|The Effect of Ginger on Preventing Post-spinal Puncture Headache in Patients Undergoing Cesarean Section|
|Banafsheh Mashak1, Maryam Hashemnejad2, Kourosh Kabir3, Mansoureh Refaei4, Sara Esmaelzadeh Saeieh5,6, Shoukofeh Torkashvand7, Leili Salehi8, Mansoureh Yazdkhasti5,6|
|1Department of Anesthesiology, Faculty of Midwifery, Alborz University of Medical Sciences, Karaj, Iran
2Department of Gynecology, Faculty of Midwifery, Alborz University of Medical Sciences, Karaj, Iran
3Department of Community Medicine, Faculty of Community Medicine, Dietary Supplements and Probiotic Research Center, Alborz University of Medical Sciences, Karaj, Iran
4Department of Midwifery, Mother, and Childcare Research Center, School of Nursing and Midwifery, Hamadan University of Medical Sciences, Hamadan, Iran
5Social Determinations of Health Research Center, Alborz University of Medical Sciences, Karaj, Iran
6Department of Midwifery, Faculty of Midwifery, Alborz University of Medical Sciences, Karaj, Iran
7Department of Midwifery, Alborz University of Medical Sciences, Karaj, Iran
8Department of Health Education and Promotion, Faculty of Health, Research Center for Health, Safety, and Environment (RCHSE), Alborz University of Medical Sciences, Karaj, Iran
IJWHR 2019; 7: 204-210
Viewed : 450 times
Downloaded : 587 times.
Keywords : Post-spinal Puncture Headache, Ginger, Cesarean Section, Prevention
|Full Text(PDF) | Related Articles|
Objectives: Post-spinal puncture headache (PSPH) has constantly been one of the research priorities, especially in women undergoing cesarean section (C-section) and it is related to physical and psychological problems. The present study aimed to evaluate the effect of ginger on preventing PSPH in patients undergoing C-section.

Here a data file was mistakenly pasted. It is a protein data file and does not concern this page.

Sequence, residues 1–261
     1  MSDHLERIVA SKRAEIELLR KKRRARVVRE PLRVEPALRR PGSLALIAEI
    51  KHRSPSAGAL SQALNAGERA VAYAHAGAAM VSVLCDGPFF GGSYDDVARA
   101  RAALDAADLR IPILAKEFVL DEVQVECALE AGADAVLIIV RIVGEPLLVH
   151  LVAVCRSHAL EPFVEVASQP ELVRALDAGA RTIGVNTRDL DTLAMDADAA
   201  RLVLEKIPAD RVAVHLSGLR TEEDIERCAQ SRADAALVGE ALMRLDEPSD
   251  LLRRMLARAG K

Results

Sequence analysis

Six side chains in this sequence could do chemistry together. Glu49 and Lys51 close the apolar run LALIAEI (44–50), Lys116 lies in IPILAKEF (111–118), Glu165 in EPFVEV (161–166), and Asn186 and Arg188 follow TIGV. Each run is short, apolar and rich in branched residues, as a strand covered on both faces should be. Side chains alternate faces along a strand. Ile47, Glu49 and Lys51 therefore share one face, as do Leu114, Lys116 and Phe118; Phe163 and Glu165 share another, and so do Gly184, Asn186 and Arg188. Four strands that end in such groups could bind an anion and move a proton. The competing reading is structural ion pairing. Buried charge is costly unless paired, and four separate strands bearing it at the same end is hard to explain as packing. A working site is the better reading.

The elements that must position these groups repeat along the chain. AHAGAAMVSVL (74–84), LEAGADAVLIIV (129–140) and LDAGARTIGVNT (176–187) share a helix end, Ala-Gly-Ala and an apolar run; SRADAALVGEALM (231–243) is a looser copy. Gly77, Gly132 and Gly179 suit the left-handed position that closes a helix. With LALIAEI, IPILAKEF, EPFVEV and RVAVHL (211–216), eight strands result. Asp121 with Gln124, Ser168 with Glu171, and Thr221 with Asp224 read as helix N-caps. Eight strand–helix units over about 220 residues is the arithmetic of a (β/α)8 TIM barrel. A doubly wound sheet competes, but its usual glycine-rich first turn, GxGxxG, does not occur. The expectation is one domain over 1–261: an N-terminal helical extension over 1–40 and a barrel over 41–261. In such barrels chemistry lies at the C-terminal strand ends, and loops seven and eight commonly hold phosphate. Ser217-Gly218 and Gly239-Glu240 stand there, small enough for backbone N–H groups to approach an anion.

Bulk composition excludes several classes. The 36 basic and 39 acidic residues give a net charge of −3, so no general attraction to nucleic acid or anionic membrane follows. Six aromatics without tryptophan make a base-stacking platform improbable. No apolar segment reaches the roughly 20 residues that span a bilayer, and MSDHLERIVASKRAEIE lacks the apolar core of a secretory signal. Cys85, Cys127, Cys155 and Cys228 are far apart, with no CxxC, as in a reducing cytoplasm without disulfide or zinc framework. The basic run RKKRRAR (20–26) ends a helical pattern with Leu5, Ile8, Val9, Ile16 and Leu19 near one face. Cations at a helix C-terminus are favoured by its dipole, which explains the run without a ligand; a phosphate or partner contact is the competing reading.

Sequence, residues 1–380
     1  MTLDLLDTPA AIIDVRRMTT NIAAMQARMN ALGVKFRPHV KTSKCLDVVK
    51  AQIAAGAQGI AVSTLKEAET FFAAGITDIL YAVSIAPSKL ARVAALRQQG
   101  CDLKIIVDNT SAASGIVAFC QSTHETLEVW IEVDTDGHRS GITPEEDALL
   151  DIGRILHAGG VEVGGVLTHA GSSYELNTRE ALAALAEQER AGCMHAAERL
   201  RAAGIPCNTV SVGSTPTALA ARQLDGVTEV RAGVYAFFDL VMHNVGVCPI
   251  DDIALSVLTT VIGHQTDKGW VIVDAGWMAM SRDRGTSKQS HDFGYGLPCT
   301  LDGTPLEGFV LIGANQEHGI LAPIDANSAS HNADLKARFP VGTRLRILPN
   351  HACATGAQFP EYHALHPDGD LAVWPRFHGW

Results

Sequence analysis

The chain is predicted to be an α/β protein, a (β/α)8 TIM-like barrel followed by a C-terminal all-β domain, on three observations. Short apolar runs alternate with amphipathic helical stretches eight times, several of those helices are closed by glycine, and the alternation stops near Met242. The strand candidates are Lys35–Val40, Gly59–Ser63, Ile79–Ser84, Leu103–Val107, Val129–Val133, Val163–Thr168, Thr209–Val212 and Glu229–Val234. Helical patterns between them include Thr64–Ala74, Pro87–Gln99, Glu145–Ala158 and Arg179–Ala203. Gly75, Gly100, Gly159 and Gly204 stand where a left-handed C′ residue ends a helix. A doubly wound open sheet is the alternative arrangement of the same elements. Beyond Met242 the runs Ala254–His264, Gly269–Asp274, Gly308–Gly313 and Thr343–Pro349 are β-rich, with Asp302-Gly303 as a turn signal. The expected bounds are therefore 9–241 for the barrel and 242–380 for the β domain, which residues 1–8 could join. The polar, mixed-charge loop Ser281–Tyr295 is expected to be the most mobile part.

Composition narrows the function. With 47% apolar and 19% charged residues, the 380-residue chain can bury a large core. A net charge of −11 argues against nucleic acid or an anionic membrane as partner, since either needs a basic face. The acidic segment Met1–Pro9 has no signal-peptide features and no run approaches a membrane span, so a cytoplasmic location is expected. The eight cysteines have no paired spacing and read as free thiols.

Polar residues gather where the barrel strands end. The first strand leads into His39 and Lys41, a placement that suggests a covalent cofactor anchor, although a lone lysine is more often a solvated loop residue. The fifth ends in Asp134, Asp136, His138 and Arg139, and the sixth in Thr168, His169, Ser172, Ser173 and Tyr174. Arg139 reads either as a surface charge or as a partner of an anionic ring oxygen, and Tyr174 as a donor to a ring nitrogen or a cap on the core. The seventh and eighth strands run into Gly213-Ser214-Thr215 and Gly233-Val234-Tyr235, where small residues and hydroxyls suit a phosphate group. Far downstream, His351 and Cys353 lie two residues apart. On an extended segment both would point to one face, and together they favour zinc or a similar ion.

Materials and Methods: This clinical trial was conducted on 160 women undergoing C-section with spinal anesthesia, who were eligible to enter the study in the experimental and control groups. One ginger capsule (250 mg) was prescribed every 8 hours (TDS) to the experimental group 24 hours before the C-section. The prescription of ginger was continued half an hour after transfer to the post-partum ward until the PSPH onset. PSPH intensity was measured by using visual analog scale (VAS) pain scores at 6 time-points (Time 1 = 30, Time 2 = 60, and Time 3 = 90 minutes vs. Time 4 = 3, Time 5 = 6, and Time 6 = 12 hours) after C-section. No interventions were performed in the control group. The data were analyzed using the SPSS software by descriptive statistics and analytical tests were applied to determine the changes in PSPH intensity.
Results: The comparison results of the mean score of PSPH intensity in the experimental and control groups indicated significant differences over time (P < 0.05), except for the sixth time point (12 hours after C-section). In addition, the trend of changes at 6 time-points based on the results of the repeated-measures test demonstrated that PSPH intensity significantly differed in the two groups over time (P < 0.001).
Conclusions: Based on the result, the oral prescription of ginger to women undergoing C-section under spinal anesthesia led to effective PSPH prevention at 5 time-points (30, 60, and 90 minutes, along with 3 and 6 hours). Further, the trend of the changes represented that the intensity of PSPH decreased in the experimental group over time. Therefore, ginger is suggested as a non-invasive and efficient method used for preventing PSPH.
Cite By, Google Scholar